. Repeat from step 5 for any additional remote parameter writes
Remote write byte, word, long and double are basically equivalent, the only
difference being the LBP command (0x64,0x65,0x66,0x67 respectively) and the size of the
data written to the interface register(s)
7I76 37
REFERENCE INFORMATION
SSLBP
DISCOVERY SEQUENCE:
for process data discovery (of one channel) the sequence of operations is as
follows:
Note that the first section acquires the PTOC and the second section reads the
records pointed to by the PTOC. For brevity, the remote read sequence (steps 5 through
9 of the remote read procedure) will be listed here as "remote read"
FIRST PART, ACQUIRE PTOC:
1. Issue a STOPALL (0x800) command, wait for COMMAND register clear to verify stop
command completion.
2. Issue a setup START command (0xFNN) with bitmask (NN) of channels to start
3. Wait for COMMAND register clear to verify start command completion. (may be many
mS)
4. Read data register to verify that the selected channels started (a 1 bit means a fault in
the channel that the bit represents)
5. Read PTOCP from interface register 2, of selected channel, if zero, remote device does
not support discovery
6. Remote read word at PTOCP
7. If word data is 0, PTOC collection is complete goto step 11
8. Save value in local PTOC table, and increment local PTOC table index
9. Increment PTOCP value by 2 (as it is a word pointer)
10. Repeat from step 6
7I76 38
REFERENCE INFORMATION
SSLBP
DISCOVERY SEQUENCE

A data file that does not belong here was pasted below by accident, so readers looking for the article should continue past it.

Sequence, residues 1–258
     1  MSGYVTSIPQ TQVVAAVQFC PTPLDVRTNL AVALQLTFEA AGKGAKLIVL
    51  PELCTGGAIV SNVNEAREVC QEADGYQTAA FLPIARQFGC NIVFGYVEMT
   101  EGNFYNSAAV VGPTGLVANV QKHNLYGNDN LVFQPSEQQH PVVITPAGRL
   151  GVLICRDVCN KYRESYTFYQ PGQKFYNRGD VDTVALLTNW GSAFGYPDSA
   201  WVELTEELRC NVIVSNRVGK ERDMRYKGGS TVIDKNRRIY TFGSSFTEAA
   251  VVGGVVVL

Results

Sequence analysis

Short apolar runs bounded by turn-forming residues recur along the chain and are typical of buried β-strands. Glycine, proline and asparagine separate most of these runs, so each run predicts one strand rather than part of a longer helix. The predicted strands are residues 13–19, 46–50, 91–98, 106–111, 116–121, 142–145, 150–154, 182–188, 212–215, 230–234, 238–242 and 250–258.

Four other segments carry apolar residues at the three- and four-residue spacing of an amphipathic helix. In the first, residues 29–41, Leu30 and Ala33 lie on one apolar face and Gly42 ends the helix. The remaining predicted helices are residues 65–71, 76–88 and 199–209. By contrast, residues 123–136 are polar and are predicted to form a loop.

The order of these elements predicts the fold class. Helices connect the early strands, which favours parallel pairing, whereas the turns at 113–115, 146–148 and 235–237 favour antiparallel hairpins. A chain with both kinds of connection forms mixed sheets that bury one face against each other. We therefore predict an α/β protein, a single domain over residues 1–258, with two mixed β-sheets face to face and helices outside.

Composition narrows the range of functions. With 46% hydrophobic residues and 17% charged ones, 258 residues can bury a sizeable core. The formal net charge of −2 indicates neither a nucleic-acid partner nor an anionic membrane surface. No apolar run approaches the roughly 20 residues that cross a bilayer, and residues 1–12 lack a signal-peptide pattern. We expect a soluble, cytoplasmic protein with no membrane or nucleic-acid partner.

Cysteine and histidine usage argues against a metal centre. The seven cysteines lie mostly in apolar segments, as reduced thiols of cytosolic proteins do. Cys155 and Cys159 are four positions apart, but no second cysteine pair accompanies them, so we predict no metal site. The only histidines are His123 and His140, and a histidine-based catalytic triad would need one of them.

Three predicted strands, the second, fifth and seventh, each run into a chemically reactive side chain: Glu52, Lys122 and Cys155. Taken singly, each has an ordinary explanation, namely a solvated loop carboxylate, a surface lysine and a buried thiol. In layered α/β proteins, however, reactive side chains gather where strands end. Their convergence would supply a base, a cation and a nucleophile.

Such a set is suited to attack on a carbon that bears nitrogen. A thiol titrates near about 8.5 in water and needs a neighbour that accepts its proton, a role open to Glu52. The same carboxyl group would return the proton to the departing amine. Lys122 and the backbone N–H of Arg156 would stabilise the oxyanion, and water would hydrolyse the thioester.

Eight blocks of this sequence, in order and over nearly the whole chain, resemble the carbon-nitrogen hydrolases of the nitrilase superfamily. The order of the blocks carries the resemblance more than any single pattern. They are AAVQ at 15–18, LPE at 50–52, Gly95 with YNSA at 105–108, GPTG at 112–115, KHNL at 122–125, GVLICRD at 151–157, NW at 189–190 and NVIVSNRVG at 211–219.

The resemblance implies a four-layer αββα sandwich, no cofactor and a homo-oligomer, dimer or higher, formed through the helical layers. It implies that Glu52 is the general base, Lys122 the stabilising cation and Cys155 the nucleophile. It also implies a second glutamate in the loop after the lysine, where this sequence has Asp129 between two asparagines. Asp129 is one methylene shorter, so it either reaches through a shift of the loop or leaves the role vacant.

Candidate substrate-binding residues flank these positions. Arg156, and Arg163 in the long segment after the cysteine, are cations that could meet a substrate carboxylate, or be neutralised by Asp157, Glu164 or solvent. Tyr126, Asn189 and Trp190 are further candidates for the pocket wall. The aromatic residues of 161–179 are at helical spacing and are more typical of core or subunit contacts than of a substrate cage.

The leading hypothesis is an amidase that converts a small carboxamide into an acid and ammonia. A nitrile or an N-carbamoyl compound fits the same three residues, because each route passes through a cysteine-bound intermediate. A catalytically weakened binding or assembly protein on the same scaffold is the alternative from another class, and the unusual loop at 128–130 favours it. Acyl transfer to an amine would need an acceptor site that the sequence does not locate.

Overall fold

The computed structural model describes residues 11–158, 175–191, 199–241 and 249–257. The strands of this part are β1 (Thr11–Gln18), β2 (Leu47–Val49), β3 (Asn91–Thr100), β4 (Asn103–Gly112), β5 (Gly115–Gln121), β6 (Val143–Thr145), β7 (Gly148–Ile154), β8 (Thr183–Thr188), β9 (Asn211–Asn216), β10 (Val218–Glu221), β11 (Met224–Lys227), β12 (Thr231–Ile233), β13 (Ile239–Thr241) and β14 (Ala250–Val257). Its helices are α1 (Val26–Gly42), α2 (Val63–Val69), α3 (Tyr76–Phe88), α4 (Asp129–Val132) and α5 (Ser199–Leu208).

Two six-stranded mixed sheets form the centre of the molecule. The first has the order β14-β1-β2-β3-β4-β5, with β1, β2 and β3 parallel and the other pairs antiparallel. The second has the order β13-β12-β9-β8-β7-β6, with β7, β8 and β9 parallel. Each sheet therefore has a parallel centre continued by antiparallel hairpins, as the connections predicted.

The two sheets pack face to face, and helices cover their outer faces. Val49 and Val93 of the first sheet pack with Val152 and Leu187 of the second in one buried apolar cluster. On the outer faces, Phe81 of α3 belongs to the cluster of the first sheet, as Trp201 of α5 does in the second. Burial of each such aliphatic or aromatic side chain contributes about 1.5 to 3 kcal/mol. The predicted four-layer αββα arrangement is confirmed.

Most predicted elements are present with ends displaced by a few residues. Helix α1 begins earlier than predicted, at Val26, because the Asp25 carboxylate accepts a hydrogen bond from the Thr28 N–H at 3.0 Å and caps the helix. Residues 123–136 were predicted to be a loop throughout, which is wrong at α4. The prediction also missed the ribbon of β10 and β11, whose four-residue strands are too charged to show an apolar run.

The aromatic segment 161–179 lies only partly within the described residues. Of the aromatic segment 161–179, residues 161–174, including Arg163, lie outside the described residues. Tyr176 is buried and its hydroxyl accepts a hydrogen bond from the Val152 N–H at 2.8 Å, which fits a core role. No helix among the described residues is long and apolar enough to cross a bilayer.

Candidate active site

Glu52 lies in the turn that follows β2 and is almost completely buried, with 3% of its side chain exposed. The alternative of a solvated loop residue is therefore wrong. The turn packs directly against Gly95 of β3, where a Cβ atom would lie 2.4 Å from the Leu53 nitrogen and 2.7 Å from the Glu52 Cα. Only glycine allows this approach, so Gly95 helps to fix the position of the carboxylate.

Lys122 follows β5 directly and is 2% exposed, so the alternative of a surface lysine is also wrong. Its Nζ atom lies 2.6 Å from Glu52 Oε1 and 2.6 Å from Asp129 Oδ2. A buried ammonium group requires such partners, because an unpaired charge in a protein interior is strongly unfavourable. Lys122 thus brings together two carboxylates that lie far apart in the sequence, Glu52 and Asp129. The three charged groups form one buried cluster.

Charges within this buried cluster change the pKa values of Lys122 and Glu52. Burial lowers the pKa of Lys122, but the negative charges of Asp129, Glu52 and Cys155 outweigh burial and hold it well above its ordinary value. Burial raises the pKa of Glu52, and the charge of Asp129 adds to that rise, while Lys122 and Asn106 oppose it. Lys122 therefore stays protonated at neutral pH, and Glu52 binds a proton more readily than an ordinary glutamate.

SECOND PART, READ PROCESS DESCRIPTOR AND MODE DESCRIPTOR
RECORDS:
11. For each PTOC entry acquired in the previous step:
12. Remote read byte at PTOC+0
12. If byte is 0xA0, proceed to step 16, reading process data descriptor
14 If byte is 0xB0, proceed to step 25 reading mode descriptor
15. If byte is neither, there is a error
16. Remote read byte at PTOC+1 This is DATA_SIZE
17. Remote read byte at PTOC+2 This is DATA_TYPE
18. Remote read byte at PTOC+3 This is DATA_DIRECTION
19. Remote read long at PTOC+4 This is PARAM_MIN.
20. Remote read long at PTOC+8 This is PARAM_MAX
21. Remote read word at PTOC+10 This is PARAM_ADD (not used normally)
22. Read UNIT_STRING starting at PTOC+12
Initialize CharPointer to PTOC+12
repeat (remote read byte at CharPointer, increment CharPointer, if byte is 0: done)
23 Read NAME_STRING starting at CharPointer
repeat (remote read byte at CharPointer, increment CharPointer, if byte is 0: done)
24. Repeat with next PTOC = step 11
7I76 39
REFERENCE INFORMATION
SSLBP
DISCOVERY SEQUENCE
SECOND PART, READ PROCESS DESCRIPTOR AND MODE DESCRIPTOR
RECORDS: